China's President ends a three day visit to France. Trade and business deals have been on the agenda. David Pollard looks at just how much China can offer a struggling France in terms of help and investment.
REPORTER: Politicians call it pressing the flesh. There was plenty of it as France offered handshake after handshake to the visiting Chinese delegation. President Hollande wants closer ties to help revive foreign trade - and, perhaps, his own fortunes after a bruising for the ruling Socialists in recent local elections.
FRENCH PRESIDENT, FRANCOIS HOLLANDE: "Eighteen billion euros in contracts means employment, growth and especially prospects for growth for the years to come."
REPORTER: Among contracts signed: nuclear energy and liquefied natural gas agreements. And a deal for Chinese carmaker Dongfeng to help recapitalise Peugeot, by buying a 14 percent stake. China is also signing up to buy 27 Airbus airliners and to extend a deal allowing other Airbus to be assembed there. France, says Dominic Johnson of Somerset Capital, is an old and expert hand at selling itself abroad. And despite a recent slowdown, China is a top bet.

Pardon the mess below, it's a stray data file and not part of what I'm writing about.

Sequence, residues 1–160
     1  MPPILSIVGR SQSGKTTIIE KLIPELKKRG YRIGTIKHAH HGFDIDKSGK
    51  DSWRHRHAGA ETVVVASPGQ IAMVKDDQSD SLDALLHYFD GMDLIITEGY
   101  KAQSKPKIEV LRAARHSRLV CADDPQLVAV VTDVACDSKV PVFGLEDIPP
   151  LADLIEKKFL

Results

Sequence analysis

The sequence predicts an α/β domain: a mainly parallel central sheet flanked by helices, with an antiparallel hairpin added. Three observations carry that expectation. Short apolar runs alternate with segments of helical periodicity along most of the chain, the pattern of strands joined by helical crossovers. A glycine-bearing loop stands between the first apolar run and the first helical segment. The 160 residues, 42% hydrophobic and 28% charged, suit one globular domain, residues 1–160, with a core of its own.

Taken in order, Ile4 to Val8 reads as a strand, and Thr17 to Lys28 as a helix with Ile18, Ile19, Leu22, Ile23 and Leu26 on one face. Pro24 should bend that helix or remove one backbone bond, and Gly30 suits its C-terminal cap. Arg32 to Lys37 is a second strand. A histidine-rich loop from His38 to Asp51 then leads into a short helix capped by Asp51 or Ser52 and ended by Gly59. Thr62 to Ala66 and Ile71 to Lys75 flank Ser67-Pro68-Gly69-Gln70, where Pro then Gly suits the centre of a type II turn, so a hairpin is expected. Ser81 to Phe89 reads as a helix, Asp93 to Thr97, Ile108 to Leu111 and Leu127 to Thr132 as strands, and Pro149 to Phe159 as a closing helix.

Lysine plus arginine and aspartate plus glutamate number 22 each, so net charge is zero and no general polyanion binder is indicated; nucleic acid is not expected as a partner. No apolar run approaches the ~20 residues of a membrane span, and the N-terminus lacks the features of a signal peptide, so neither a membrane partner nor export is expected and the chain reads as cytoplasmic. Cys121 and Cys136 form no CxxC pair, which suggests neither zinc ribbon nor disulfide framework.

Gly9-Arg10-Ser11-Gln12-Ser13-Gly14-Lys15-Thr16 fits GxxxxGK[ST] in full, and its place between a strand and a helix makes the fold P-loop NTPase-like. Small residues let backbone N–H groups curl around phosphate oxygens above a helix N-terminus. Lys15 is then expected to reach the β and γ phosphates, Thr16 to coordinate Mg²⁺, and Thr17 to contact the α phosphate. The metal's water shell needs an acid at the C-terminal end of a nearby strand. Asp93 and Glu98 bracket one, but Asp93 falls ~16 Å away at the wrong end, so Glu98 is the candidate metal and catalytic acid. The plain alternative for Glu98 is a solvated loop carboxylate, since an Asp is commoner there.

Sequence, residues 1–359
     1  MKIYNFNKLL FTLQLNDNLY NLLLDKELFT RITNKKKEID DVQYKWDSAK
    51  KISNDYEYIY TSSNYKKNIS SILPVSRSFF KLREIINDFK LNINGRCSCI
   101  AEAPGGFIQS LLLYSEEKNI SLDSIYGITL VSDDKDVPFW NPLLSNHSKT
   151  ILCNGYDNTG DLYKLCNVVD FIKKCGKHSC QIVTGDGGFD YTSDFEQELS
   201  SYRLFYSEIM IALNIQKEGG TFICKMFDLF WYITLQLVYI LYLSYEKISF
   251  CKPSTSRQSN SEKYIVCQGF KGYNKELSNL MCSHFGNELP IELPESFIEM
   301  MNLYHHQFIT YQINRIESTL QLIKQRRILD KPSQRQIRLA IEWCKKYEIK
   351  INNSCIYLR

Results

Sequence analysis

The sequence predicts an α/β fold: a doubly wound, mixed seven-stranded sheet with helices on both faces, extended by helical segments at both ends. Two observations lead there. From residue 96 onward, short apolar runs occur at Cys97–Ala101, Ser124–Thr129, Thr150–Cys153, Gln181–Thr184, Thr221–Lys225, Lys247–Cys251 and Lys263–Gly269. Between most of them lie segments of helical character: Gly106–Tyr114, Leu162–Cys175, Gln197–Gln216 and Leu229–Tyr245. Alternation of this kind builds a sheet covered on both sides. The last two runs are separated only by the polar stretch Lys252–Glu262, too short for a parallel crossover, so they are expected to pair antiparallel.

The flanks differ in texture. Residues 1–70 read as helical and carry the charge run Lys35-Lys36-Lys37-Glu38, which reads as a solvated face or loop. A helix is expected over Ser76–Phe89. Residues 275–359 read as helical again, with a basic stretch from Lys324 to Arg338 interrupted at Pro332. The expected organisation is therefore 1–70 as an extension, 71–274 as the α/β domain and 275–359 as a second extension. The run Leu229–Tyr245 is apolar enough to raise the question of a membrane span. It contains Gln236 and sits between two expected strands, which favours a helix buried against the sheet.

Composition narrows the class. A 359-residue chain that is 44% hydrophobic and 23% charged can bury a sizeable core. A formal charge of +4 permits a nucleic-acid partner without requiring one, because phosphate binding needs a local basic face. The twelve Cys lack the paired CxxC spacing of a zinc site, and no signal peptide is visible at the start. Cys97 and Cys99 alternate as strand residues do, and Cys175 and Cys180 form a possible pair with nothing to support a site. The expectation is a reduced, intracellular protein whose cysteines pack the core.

DOMINIC JOHNSON, CEO & FOUNDING PARTNER, SOMERSET CAPITAL: ''You have rising levels of consumption and power amongst a vast population and that's going to be at the core of really everything anyone does, geopolitically and globally. And so France is absolutely right to make a focus on that. We're doing the same in the UK and Germany and every other country is also going to be following suit.''
REPORTER: But Germany - next on President Xi's itinerary - accounts for nearly five percent of Chinese imports. At 1.2 percent, France has a long way to catch up - and may be too late. Recent business data has shown encouraging signs - but its economy is still stumbling under the weight of record unemployment. Michael Hewson of CMC Markets.
MICHAEL HEWSON, CHIEF MARKET ANALYST AT CMC MARKETS: ''You could argue that they probably have missed the boat, but they still need to be doing something to encourage private investment into the French economy, and I think the government has a big part to play in that. They've got to do more than pay lip service to it, they've actually got to implement the reforms.''
REPORTER: France is thought to house Europe's biggest Chinese community, and considers itself an old friend. Fifty years ago, it recognised the Communist regime when others in the West were snubbing it. With the latest charm offensive to woo the Chinese President, it hopes the favour will be returned.
1. Press the flesh: (of a celebrity or politician) greet people by shaking hands.
2. Follow suit: to follow an example set.
3. Miss the boat: to lose an opportunity to do something by being slow to act.
4. Pay lip service to something: to say that you agree with something but do nothing to support it.